Submitted by: Whatcom County Health Department

While the number of lab-confirmed cases in Whatcom County are relatively low, there is evidence of increasing spread of COVID-19 in our community. As a result, the Whatcom County Health Department (WCHD) will no longer be reporting specific locations of public exposures to lab-confirmed cases of COVID-19.

There is currently risk to all community members of being exposed to COVID-19, which is increased in a public setting or large gathering.
Local and regional case and contact investigations indicate that people are being infected without contact to a known case and in people without a travel history. This and other evidence tells us that that there are far more underlying cases in the community than the known lab-confirmed cases.
We are asking all Whatcom County residents to do what they can to help slow the spread of COVID-19. It is critical to minimize the number of people who get seriously ill at the same time. If too many people get sick all at once, this will put a high burden on our health care system. We must all take action so that we make sure those with serious illness or injuries are able to get the care they need.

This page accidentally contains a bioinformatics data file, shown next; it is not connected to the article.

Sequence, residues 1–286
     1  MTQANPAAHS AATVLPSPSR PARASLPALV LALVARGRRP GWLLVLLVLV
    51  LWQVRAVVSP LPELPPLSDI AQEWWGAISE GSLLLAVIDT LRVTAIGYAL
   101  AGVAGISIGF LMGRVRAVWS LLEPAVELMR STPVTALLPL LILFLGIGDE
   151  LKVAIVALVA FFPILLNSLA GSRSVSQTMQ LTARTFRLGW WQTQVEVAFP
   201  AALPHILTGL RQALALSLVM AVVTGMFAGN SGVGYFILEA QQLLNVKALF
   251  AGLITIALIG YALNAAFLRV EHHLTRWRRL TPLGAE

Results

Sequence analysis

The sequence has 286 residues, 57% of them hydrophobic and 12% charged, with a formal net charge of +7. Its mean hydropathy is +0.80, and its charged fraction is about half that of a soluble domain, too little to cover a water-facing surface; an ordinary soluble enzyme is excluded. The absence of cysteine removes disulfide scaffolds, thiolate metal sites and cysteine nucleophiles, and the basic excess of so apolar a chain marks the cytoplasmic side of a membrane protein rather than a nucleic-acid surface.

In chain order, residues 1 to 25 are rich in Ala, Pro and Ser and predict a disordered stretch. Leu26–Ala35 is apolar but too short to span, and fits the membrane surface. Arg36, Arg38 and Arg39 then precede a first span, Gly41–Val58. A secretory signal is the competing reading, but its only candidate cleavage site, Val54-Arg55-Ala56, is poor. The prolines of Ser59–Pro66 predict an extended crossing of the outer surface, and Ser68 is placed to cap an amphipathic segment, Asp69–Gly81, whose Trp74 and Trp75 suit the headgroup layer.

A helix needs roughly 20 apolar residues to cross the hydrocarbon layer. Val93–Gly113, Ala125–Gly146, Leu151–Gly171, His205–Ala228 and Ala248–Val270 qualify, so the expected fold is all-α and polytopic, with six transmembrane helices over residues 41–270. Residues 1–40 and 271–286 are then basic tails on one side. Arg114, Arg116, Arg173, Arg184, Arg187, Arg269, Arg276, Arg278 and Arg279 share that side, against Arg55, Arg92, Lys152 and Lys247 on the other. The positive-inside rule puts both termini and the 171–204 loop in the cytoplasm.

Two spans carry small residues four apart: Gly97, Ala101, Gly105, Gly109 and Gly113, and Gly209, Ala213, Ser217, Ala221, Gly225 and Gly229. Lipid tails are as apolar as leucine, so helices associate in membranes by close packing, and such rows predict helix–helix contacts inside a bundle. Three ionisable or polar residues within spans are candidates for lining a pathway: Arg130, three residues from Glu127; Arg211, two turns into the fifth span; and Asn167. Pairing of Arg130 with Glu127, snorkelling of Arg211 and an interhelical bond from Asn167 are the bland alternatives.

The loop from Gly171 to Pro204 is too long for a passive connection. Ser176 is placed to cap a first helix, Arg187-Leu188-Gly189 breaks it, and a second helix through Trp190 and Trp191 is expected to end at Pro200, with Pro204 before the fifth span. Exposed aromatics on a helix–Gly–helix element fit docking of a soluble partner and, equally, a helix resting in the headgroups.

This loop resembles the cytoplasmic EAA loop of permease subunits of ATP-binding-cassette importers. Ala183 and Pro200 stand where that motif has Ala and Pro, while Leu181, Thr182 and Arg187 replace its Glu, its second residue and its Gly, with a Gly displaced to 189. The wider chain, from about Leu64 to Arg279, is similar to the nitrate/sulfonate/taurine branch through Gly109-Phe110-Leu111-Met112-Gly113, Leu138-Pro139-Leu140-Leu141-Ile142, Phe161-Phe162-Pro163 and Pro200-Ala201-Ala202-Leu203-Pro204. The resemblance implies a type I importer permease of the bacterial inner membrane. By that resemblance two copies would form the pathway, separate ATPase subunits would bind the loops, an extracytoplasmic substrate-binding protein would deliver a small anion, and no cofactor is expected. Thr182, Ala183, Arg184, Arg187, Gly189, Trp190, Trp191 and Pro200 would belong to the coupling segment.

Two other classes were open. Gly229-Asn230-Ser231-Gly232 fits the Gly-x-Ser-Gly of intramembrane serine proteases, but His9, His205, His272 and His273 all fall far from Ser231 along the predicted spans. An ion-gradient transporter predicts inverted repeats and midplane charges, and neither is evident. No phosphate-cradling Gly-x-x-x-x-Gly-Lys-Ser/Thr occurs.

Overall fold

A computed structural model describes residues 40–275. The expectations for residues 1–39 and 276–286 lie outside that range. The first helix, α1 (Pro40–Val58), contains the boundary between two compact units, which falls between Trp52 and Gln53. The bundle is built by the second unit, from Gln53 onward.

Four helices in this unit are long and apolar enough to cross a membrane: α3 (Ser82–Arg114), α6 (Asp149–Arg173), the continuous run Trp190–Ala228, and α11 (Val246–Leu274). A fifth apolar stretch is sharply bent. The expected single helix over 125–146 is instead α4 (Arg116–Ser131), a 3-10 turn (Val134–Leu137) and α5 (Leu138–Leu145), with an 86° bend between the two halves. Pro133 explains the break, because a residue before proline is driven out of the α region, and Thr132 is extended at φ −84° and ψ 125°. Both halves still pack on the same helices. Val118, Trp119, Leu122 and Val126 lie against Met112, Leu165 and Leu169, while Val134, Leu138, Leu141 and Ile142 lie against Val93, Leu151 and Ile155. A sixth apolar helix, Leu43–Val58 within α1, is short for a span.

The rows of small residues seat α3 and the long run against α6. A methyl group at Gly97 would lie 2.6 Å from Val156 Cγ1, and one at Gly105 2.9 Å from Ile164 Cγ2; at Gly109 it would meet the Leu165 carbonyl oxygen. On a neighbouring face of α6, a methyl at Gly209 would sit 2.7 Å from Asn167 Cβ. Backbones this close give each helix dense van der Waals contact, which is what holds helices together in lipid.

As testing availability is currently still limited and there is no specific treatment for COVID-19, those with mild illness can safely forego testing. Health care providers with limited testing capacity need to prioritize testing for people with highest risk for serious illness, healthcare workers and other public safety workers, and to investigate possible clusters of cases and outbreaks.
People with mild symptoms should stay home and away from others until 72 hours after the fever is gone and symptoms get better.
Frequent handwashing, staying home when sick, and social distancing are our most effective strategies to slow the spread of disease. We are reminding people to take the following actions:

  • If you are at higher risk of severe illness, stay home except to receive medical care if needed. People at higher risk include:
    • People over 60 years of age
    • People with underlying health conditions including heart disease, lung disease or diabetes
    • People with weakened immune systems
    • Pregnant women
  • Postpone non-essential events and gatherings – both formal and informal – of ten or more people.
  • Telecommute whenever possible.
  • Avoid unnecessary close contact with others by staying six feet or more from others.

Additionally, the Governor of Washington has issued public health directives for our entire state prohibiting gatherings with over 50 participants, and enacting school closures and temporary closure of restaurants, bars, and entertainment and recreational facilities.
For more location information about COVID-19, go to

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